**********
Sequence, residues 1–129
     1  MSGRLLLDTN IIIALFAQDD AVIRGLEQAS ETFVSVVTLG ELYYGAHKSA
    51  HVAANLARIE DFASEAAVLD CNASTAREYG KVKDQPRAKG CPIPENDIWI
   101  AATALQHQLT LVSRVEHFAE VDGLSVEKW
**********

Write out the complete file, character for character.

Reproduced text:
Sequence, residues 1–129
     1  MSGRLLLDTN IIIALFAQDD AVIRGLEQAS ETFVSVVTLG ELYYGAHKSA
    51  HVAANLARIE DFASEAAVLD CNASTAREYG KVKDQPRAKG CPIPENDIWI
   101  AATALQHQLT LVSRVEHFAE VDGLSVEKW